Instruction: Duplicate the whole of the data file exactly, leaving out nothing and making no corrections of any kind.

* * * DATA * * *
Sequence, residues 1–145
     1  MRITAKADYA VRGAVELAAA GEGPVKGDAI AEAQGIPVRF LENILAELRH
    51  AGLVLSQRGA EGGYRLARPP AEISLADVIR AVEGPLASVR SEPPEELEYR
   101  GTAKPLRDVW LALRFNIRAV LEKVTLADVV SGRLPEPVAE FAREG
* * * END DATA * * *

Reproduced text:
Sequence, residues 1–145
     1  MRITAKADYA VRGAVELAAA GEGPVKGDAI AEAQGIPVRF LENILAELRH
    51  AGLVLSQRGA EGGYRLARPP AEISLADVIR AVEGPLASVR SEPPEELEYR
   101  GTAKPLRDVW LALRFNIRAV LEKVTLADVV SGRLPEPVAE FAREG